Okay, most everyone likes my web of connections between Michael Jackson and Scott Petersen. But, there are a few who are sticklers for facts and details and tend to lack a sense of humor.
I put that comment on an election law listserv I belong to with Ben Ginsberg and Robert Bauer. One of the other participants sent along this post, which does legitimately sum up the law.
The legal issue involved here is not as trivial as Erick-Woods Erickson
suggests in his sarcastic e-mail.
The analogy to the Laci Peterson – Michael Jackson cases is inapt.
The Laci Peterson & Michael Jackson cases are completely unrelated to each other. Nothing that Mark Geragos learned in the course of representing Scott Peterson is relevant to his representation of Michael Jackson, and vice versa.
If the two representations were substantially related and if Peterson and Jackson were adverse to each other, then the ethics rules (at least in Model Code & Model Rules states) would prevent Geragos from taking on the second client.
The efforts of the Bush campaign and the Swiftboats group are related to each other. It is possible that Ginsburg could have learned information in the course of representing the Bush campaign that would be relevant to his representation of the Swiftboats group, and vice versa. Bush and the Swiftboats group are not materially adverse to each other. In fact, they are aligned with each other. So the issue is not a traditional conflict of interest. But election law mandates that 527s must not coordinate their activities with candidates’ campaigns. If I understand the state of the law correctly, it is not entirely clear precisely what kind of “coordination” is prohibited. The legal issue, it seems to me, is whether the use of the same personnel — in this case the same lawyer — by the campaign and the 527, in and of itself, constitutes coordination.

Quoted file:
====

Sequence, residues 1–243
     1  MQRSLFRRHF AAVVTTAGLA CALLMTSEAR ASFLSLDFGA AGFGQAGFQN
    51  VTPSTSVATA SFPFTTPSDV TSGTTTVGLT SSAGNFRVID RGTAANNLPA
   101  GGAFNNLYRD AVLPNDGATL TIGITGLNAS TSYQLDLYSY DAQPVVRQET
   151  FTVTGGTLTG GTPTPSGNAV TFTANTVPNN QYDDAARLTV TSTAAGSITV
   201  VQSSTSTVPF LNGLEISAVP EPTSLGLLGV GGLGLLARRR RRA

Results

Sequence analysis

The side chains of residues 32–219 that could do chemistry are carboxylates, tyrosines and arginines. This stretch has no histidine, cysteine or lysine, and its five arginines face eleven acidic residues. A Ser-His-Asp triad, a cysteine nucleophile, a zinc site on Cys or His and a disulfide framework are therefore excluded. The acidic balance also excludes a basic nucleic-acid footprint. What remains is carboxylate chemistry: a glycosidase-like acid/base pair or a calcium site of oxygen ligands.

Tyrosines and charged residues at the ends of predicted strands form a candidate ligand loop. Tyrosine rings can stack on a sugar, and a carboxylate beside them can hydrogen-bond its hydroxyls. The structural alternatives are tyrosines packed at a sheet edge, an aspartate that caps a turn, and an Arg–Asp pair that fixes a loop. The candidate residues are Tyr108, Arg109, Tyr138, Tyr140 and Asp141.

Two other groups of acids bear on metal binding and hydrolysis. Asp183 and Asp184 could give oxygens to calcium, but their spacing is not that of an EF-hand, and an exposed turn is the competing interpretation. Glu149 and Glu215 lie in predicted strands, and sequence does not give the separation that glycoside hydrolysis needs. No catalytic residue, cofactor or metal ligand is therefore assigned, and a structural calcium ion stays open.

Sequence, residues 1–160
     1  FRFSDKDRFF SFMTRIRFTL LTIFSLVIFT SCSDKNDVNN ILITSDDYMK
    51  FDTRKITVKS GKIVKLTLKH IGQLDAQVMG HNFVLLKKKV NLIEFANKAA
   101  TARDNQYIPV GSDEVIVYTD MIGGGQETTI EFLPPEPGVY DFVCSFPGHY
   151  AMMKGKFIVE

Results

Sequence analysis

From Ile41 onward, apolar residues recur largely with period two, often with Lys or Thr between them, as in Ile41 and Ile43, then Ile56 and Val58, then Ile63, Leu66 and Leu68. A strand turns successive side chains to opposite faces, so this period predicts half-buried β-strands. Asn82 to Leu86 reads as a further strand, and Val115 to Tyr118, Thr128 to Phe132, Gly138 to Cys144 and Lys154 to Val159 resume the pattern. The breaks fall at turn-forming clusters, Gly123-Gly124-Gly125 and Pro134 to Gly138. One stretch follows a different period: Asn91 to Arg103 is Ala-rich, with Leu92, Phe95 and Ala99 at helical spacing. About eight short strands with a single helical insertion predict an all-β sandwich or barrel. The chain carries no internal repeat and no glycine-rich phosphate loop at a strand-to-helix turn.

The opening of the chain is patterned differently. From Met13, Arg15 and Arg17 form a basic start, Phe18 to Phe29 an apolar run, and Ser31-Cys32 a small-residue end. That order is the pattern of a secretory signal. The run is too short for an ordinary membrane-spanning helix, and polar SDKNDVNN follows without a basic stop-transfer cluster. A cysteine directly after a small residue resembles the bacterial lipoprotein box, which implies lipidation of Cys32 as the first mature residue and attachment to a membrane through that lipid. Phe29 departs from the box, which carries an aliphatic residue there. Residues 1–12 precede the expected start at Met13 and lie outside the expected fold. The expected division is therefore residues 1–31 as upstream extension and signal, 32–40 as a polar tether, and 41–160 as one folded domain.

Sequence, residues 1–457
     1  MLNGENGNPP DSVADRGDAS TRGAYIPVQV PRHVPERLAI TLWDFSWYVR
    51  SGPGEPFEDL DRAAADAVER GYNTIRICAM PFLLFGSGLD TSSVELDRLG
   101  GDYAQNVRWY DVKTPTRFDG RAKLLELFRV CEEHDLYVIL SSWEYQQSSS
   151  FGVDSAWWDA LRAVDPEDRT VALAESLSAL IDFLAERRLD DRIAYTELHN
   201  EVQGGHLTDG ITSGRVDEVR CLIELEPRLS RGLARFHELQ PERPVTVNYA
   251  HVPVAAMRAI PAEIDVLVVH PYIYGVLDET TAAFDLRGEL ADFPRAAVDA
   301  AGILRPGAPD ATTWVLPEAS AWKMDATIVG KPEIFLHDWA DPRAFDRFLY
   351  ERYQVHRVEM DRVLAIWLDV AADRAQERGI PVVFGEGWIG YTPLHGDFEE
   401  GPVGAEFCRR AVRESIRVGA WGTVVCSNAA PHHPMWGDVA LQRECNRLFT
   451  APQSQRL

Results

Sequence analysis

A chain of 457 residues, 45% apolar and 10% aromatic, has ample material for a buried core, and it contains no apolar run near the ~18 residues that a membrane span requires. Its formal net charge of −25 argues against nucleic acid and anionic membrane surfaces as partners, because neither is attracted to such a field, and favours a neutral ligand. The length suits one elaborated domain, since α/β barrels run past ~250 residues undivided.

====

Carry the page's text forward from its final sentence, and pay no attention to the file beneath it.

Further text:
Put another way, do 527s have to enforce walls of separation from the campaigns, or not? Can they use the same personnel, or not?
I should add that the person, who shall remain nameless because I did not ask before post this, is a law professor.
As those of you who went to law school know, law professors are much more prone to ulcerate about issues like this than people who actually practice law full time.
While the points in the email are valid, including my sarcasm, I think it is besides the point. The functions that Ginsberg is advising both parties on is distinct and the presumption should be that lawyers, especially someone like Ben Ginsberg, are ethical and able to represent multiple clients maintaining a veil of confidence.